The next generation of wireless technology, known as 5G, has finally arrived in the United States. It has already begun paving the way for breakthroughs such as remote surgery and self-driving cars, ideas we once dreamed of but which might become a reality in a short time. But, for the time being, most locations’ speeds are too slow to make those promises a reality.
Among the 15 main 5G markets, the United States has some of the highest coverage and the slowest average speed. And until there is a greater demand for 5G, wireless carriers are hesitant to invest billions of dollars in new antennas and towers to improve their networks. To comprehend how 5G will improve, you must first understand what 5G is, then we can explain why you might still be buffering even when on 5G service.
How Is 5G Different?
Before we dive into just why your internet is on the slow and buffering side, we need to break down what 5G is. The fifth-generation mobile network is called 5G, and it is the new global wireless standard after 1G through 4G networks. 5G is the latest iteration of internet service, and it allows us to connect nearly everyone and everything. Without these networks, we would not be able to continue to improve.
5G wireless technology is designed to provide more gigabits per second, improve data speeds for ultra-low latency, offer greater dependability and network capacity, and a more consistent user experience. Higher performance and efficiency allow for new user experiences and industry connections. However, 5G is still a relatively new technology, and the network is not yet widely available. This fact is especially true in rural and underdeveloped areas.
This generation of mobile networks is expected to have a far more significant influence than earlier network generations. The new 5G network’s development opportunities extend beyond traditional mobile networking companies to industries like the automotive industry, meaning self-driving cars may soon be a reality rather than a dream. Many emergent and new applications will continue to be defined in the future, and only time will tell how significant the “5G effect” on the economy will be.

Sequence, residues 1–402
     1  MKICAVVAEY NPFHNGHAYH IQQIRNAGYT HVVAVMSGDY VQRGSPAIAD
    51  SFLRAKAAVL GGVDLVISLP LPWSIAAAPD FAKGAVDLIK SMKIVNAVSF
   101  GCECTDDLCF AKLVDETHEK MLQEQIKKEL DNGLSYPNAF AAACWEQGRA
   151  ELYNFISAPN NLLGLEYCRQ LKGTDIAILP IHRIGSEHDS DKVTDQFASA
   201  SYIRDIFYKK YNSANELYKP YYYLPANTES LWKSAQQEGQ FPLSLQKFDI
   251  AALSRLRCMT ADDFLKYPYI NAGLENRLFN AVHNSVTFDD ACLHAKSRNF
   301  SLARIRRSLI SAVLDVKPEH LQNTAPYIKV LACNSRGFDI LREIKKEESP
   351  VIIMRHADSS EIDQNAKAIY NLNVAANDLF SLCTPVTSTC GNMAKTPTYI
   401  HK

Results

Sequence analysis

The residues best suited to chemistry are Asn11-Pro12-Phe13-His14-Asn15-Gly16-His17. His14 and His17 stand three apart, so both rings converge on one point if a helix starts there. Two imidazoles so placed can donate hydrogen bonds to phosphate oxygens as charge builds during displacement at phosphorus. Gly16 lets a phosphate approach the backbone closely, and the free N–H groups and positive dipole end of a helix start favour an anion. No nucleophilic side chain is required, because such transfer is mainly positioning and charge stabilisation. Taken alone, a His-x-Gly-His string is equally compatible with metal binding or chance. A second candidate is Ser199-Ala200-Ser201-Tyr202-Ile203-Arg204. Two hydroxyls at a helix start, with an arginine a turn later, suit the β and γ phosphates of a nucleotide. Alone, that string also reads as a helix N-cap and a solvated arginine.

Why Am I Still Buffering Even on 5G Service?
To break it down a little more and understand why buffering still happens, you need to realize that 5G networks consist of three distinct ‘bands’ of wavelengths. The Low-band spectrum, which operates at frequencies below 1 GHz, has miles-long coverage regions but download speeds comparable to current 4G LTE speeds. This spectrum is the foundation layer that allows cellular providers to display maps of 5G coverage across large country areas. A High-band spectrum, often known as wideband, can transmit large amounts of data across short distances. However, more antennae are required to maintain a more extended range, meaning this spectrum is better suited for cities, though trees or buildings can obstruct it. What this means for you is that even though you might be in a 5G network, you might not be experiencing the full breadth of what it can offer simply due to not being accessed to the higher frequencies.
The reality is that the framework needed to make the technology work simply isn’t set up. There would have to be a lot of changes made to the network as a whole to get the kind of low-latency streaming promised by 5G. Aside from the radio link between your 5G phone and the local cell tower, there’s much more equipment to upgrade, including the cell tower themselves, as well as the cell tower’s link to the carrier’s “core network,” and the network’s connectivity to the internet. Nonstandalone (NSA) networks, a combination of 4G and 5G, are often used in today’s cell towers, enabling 5G’s rapid data transfer speeds via a phone’s radio link while maintaining 4G network control restrictions.
If changes and upgrades are made for the 5G networks, that naturally sidelines the slower 4G that most individuals are still on. And while some companies are slowly making the switch, there is a lot of money involved in these upgrades, which makes many hesitate before making the necessary changes.
All of this suggests that 5G is constantly evolving, and while you may experience some lag and buffer now, you might not in a few years. The deployment of 5G networks is still ongoing, and it may be a few years before it is fully available. This fact remains especially true outside of cities where the number of people using the network would offset the cost of upgrades needed to make it work in the first place. Companies that combine mid-band with high-band in urban locations and low-band in rural areas will be best positioned for the best experience.
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